A much belated part 2 of time spent in the West End and other fun places, I think I was meant to post this around December 20th, looks like that didn’t happen. I rounded off the last post with a trip to see Zorro.
Next stop Alan Ayckbourn’s trio of plays “Living Together”, “Table Manners” and “Round and Round the Garden” (seen in that order) as part of “The Norman Conquests” in the round at the Old Vic - a theatre transformed for a 360 degree viewing experience. Being under 25 offers us the nice little perk of much discounted tickets, £20 for each play instead of £40-60, or thereabouts, a bargain. The six strong cast consisted of Amelia Bullmore, Jessica Hynes, Stephen Mangan, Ben Miles, Paul Ritter and Amanda Root.
Going into “Living Together”, Sam, Jo and I weren’t sure what to expect, our seats were at the rear of the auditorium, where the stage would normally sit, but instead a circular tier of seats stood, carved into the back. We were incredibly close to the circular stage with its ‘model village come wooden curtain’ and light furniture set. The three plays intermingle in time, each can standalone but together they form a bigger picture, portraying different nuances and natures of the characters whilst each incredibly reveals a significant plot point subtly but realistically referenced in the other two. (Reg wandering into the front room, “Ah there it is”, picks up the bin and walks out again).
The stories are deeply tragic; three siblings, two unhappily married and the other single yet equally unhappy. The other three cast members make up their spouses/possible future partners whilst a sick and elderly mother and her promiscuous past resides out of sight, upstairs and bedridden. Norman is all set to run away for a romantic weekend with his wife’s sister Annie, Annie’s potential love interest - Tom, the dim witted Vet, believes she is going on holiday alone and that this is partly his fault; Annie’s brother Reg and interfering wife Sarah arrive to look after mother for the weekend, in Annie’s absence. Norman’s wife Ruth remains unawares, but isn’t without suspicion. Cue the start of all three plays and without wishing to reveal too much; the home made parsnip wine, Reg’s cleverly devised board game he wants everyone to play, Norman’s desire to make everyone happy, Tom’s complete befuddlement, the rug, the silence at Breakfast, soup and salad, seating arrangements, Ruth’s misinterpreted advice in the garden, the cat stuck in the tree, the tomfoolery and East Grinsted - and as the family tears itself apart you’ll laugh with every turn, every revelation, every remark and your jaw will ache from the smile plastered across your face.
For Table Manners and Round and Round the Garden we were seated at the top in the middle, a little further from the action but still a great view. Originally we’d decided to only go to one of the three, but on the strength of Living Together - which we now believe was the best starting place - we booked the next two. If I had to put them in order of favourites I’d put the Garden episode first, closely followed by Living Together and then Table Manners.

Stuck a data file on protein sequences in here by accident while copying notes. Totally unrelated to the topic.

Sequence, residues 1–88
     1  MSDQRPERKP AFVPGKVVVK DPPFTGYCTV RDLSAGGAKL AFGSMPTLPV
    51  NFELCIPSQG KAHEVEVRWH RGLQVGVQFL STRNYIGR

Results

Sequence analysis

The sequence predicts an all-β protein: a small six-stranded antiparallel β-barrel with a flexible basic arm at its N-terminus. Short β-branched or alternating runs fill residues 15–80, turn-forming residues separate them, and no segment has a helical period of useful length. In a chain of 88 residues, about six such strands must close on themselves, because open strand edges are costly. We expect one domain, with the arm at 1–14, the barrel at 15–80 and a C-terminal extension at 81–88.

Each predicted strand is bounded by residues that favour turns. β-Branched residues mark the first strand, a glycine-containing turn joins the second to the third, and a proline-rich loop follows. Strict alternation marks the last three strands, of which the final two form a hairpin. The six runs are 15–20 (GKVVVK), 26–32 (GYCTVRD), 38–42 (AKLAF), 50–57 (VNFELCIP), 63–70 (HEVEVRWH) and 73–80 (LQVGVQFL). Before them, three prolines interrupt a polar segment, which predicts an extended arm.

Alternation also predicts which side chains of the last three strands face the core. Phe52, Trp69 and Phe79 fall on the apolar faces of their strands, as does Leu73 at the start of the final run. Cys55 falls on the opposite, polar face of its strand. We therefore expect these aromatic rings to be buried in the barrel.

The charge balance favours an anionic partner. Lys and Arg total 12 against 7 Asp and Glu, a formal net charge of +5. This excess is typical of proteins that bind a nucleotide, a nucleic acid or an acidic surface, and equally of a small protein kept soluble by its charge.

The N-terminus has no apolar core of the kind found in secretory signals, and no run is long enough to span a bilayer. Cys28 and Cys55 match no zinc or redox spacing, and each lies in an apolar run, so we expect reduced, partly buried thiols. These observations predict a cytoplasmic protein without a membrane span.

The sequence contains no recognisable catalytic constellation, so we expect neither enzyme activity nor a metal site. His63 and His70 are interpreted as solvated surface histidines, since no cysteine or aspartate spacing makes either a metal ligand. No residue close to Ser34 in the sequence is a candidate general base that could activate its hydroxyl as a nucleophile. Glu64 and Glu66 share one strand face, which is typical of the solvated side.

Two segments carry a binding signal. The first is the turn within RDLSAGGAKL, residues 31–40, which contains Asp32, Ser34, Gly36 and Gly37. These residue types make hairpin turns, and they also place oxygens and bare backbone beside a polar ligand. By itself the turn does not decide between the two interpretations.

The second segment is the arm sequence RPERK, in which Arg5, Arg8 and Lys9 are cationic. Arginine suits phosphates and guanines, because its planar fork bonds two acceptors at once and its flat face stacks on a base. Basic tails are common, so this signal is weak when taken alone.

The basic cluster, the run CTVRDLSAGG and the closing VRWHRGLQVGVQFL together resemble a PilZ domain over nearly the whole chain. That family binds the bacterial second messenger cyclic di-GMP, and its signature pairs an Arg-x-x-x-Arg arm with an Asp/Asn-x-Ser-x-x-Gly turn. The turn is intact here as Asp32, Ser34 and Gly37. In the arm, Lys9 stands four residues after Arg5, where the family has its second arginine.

Our taste for plays, comedies, Ayckbourn and the Old Vic have been stimulated and we’re ready for more.
Here’s the best shot I could get of the circular stage from where we were:
Before the shows we ate at the Bangalore Express (with its double decker seating arrangement) and Yo Sushi (where we used our buy 5 plates get 5 free vouchers), both of which are in walking distance from the Old Vic.
Following the Garden, which we saw on a Saturday afternoon in December, we grabbed the tube to Hyde Park to visit the Winter Wonderland with all of its Christmastime goodies and German-like markets. Warming up with a tasty steak burger we aimlessly perused the stalls, trying out the mulled wine, the candied nuts, mini dutch pancakes in chocolate, fun hats and German sausages. Without realising it had reached 9pm we meandered towards Covent Garden before resting at “Fire and Stone”, a fantastic stone-oven pizzeria where every pizza is based on a world city, I had the Marrakech, £8.95, “Cumin spiced ground lamb, mozzarella, mint yoghurt sauce, green olives, raisins & sliced red onion drizzled with chilli oil”. Worth every penny.
The next big venture into London for Sam and I was to the Coliseum to see the English National Ballet performing Sleeping Beauty; my first foray into the world of ballet and dance. Approaching the night sleepified and docile, I wasn’t looking forward to the three hour performance despite pepping up with a home-made burger from a nearby Moroccan place off Leicester Square.
However, when the curtain lifted, the surrealism of a 3 hour show without a single spoken word, not even for the interval, slowly dawned on me, and with it I became quietly engrossed in the beautiful dance and skill before me, the miming techniques used for the plot mostly going over my head but for a few obvious examples. My slumber had me all buttered up and I left amongst the extraordinarily posh and the disproportionate number of rich attractive girls into the cold winter air, with scarf and gloves, ready for Christmas.